Thanks to all those involved in downtown Halloween activities
I would like to take a minute to thank all of the Crescent City downtown businesses who provided treats for our local children on Halloween day.
It was a fun and safe event for them with the parade, getting treats from the businesses along Third Street, and the costume contest in the old Daly’s building. You wouldn’t see anything like this in a large city! I moved here in 1971 when downtown Crescent City was thriving; now they need our support more than ever.
Our local churches also deserve a big thank-you for providing a safe place for families on Halloween night; each year I am amazed when our family goes to the Four Square Church Halloween carnival to see the amount of candy, hot dogs, popcorn, and cotton candy that is given away. It is incredible. The kids have so much fun playing the games; it is safe and fun for the entire family.
Thank-you to everyone involved and all the long hours it must take to plan and make it happen each year; and I know there are several other churches and organizations that provide similar programs. How nice it is to live in a small town!
As the final report is being prepared for the Ford Family Foundation (of Roseburg, Ore.) from the Wild Rivers Coast Leadership Class, we are reminded of how our communities poured on the support for our project to improve access within the Brookings and Crescent City Kidtown parks.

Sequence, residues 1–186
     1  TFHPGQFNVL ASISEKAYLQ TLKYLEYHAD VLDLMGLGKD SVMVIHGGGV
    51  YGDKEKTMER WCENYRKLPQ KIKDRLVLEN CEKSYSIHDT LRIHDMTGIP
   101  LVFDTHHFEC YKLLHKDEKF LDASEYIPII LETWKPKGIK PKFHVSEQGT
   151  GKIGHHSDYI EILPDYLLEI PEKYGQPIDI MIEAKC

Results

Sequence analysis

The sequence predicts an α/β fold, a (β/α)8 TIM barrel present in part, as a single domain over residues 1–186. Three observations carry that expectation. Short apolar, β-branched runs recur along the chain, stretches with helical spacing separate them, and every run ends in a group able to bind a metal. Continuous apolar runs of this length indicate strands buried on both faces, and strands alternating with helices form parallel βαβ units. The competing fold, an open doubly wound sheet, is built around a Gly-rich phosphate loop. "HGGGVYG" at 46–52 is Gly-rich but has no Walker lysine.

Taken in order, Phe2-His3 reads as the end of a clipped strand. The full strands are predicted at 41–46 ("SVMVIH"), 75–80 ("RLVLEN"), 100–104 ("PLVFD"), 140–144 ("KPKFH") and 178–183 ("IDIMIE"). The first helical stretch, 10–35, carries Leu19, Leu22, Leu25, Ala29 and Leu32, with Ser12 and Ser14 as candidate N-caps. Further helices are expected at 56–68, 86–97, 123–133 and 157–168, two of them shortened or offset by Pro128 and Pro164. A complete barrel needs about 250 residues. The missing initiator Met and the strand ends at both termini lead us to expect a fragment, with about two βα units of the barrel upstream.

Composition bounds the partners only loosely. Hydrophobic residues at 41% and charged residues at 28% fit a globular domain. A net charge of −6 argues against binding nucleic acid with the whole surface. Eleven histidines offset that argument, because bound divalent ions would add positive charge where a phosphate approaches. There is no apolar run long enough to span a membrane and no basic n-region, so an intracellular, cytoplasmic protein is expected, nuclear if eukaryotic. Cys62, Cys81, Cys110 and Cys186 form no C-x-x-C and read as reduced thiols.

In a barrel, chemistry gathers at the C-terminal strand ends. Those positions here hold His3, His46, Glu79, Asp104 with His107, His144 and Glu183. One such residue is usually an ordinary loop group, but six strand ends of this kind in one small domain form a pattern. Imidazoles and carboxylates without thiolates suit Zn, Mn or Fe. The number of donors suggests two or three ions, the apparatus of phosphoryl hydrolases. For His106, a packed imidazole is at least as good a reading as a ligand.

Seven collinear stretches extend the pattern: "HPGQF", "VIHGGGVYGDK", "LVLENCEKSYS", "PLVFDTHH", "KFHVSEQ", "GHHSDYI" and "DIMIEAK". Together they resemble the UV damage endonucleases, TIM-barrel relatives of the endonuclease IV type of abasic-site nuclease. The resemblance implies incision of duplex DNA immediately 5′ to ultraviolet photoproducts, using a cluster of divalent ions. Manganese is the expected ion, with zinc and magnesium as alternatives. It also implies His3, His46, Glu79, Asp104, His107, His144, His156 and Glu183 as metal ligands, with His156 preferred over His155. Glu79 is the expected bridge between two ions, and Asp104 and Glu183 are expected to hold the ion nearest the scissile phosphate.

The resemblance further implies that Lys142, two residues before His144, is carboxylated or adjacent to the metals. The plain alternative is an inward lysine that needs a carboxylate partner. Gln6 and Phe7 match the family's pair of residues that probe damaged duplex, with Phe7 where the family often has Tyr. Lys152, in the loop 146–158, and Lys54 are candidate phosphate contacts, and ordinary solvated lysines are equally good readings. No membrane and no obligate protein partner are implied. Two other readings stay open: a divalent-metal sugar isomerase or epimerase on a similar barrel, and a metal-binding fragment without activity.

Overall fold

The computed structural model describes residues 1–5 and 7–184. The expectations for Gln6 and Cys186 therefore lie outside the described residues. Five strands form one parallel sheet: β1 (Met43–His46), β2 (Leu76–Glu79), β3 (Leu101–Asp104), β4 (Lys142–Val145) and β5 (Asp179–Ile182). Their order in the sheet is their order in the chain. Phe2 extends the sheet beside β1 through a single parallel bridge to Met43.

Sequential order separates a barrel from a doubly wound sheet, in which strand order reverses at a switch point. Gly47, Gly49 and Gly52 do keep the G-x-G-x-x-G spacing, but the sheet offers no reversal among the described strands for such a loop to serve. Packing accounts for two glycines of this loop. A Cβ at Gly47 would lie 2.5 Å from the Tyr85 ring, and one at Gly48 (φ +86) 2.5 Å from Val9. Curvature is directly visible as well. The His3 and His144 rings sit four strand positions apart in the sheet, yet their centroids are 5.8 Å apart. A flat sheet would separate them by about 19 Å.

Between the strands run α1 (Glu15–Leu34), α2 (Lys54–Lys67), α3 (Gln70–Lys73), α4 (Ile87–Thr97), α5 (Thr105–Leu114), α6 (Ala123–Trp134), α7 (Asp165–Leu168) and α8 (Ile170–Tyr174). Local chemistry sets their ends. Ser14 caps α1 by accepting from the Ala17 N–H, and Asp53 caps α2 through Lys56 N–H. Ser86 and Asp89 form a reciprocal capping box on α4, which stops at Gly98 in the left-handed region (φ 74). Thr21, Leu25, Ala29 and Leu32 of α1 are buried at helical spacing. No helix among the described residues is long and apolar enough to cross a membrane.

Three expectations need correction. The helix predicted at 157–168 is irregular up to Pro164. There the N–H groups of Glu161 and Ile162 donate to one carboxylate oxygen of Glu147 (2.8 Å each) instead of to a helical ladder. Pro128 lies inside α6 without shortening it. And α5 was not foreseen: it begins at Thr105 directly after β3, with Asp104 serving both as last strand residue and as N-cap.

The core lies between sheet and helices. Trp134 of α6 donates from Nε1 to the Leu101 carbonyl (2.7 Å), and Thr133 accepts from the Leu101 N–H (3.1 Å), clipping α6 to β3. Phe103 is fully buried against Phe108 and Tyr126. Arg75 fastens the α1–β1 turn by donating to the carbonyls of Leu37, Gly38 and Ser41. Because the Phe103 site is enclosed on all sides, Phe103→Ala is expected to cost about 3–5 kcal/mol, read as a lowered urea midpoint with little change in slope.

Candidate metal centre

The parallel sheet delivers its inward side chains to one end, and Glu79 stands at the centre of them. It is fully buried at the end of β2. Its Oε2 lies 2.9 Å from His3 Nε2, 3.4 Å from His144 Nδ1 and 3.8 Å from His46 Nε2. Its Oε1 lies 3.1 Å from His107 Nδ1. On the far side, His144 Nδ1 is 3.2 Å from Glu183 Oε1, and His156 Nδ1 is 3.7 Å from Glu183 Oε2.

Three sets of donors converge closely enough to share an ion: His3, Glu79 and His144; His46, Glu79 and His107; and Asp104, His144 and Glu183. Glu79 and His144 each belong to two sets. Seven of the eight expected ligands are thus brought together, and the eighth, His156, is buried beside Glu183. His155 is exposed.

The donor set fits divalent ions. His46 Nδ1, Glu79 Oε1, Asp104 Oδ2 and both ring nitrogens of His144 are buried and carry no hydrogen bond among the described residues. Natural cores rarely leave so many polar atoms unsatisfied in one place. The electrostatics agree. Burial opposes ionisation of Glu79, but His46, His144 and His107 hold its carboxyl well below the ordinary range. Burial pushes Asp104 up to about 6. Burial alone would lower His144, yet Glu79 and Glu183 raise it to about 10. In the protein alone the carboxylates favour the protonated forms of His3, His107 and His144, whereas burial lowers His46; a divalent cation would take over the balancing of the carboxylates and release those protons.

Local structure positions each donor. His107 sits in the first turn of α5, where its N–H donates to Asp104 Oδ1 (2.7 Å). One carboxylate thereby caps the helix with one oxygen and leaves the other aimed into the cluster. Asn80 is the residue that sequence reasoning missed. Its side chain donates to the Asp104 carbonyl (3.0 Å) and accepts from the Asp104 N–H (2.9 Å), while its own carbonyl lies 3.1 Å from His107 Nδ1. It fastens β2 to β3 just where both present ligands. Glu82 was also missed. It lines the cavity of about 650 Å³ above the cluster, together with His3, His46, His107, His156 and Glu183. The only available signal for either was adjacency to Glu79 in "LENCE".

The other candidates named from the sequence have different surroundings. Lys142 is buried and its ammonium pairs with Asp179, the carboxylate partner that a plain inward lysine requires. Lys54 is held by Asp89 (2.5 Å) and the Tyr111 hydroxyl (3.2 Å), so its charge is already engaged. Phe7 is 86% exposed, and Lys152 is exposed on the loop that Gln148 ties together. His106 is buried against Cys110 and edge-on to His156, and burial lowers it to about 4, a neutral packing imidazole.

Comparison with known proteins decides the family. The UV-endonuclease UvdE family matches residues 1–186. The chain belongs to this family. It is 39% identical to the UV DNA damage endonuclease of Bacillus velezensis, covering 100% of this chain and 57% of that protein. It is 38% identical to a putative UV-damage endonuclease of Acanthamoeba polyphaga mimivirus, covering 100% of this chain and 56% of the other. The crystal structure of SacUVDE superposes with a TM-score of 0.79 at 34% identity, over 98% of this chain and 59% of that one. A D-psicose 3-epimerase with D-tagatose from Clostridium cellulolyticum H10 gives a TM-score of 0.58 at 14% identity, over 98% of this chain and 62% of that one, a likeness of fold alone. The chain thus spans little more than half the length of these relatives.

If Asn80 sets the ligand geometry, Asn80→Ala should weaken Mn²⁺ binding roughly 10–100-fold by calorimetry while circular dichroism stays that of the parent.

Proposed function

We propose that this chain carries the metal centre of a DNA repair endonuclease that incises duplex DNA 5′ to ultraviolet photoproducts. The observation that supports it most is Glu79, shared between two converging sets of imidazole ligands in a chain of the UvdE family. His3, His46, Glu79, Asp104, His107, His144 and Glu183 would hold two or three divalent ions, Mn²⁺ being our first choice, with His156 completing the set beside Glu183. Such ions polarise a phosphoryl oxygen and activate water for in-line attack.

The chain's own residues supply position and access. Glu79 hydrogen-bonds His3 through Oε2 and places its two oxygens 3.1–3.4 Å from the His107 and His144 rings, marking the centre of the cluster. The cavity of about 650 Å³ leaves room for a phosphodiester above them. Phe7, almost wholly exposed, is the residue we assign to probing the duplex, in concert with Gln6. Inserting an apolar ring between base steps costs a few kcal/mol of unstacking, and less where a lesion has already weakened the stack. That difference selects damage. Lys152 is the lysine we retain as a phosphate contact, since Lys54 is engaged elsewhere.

The Ford Family Foundation’s primary goal is to improve the vitality of rural communities in this general region. It accomplishes this task by enhancing the capacities of chosen communities with cutting edge programs, including strengthening the leadership qualities of diverse community members.
Each leadership class undertakes a project as part of its training. In our case, southern Curry County and Del Norte County are linked as a region, and therefore were linked as a “class.” The project needed to be expressed in both communities, and Project Kidtown fit the bill. Primarily, both parks were outfitted with all-weather, rubberized matting to improve “user friendliness” within the parks for physically challenged kids and parent/caregivers (secondarily, small repairs and additional wood chips were included in the project).
Numerous persons and service groups stepped forward with generous monetary and physical support for the project, which ultimately cost over $14,000, and expended well over 400 man-hours. We, as a class, would like to take this opportunity to once again thank all of those groups, agencies, and individuals who made this project possible. Both communities are better for the effort, not only regarding our children, but regarding what is possible when we work together as the Wild Rivers Coast. What a grand thing.
Wild Rivers Coast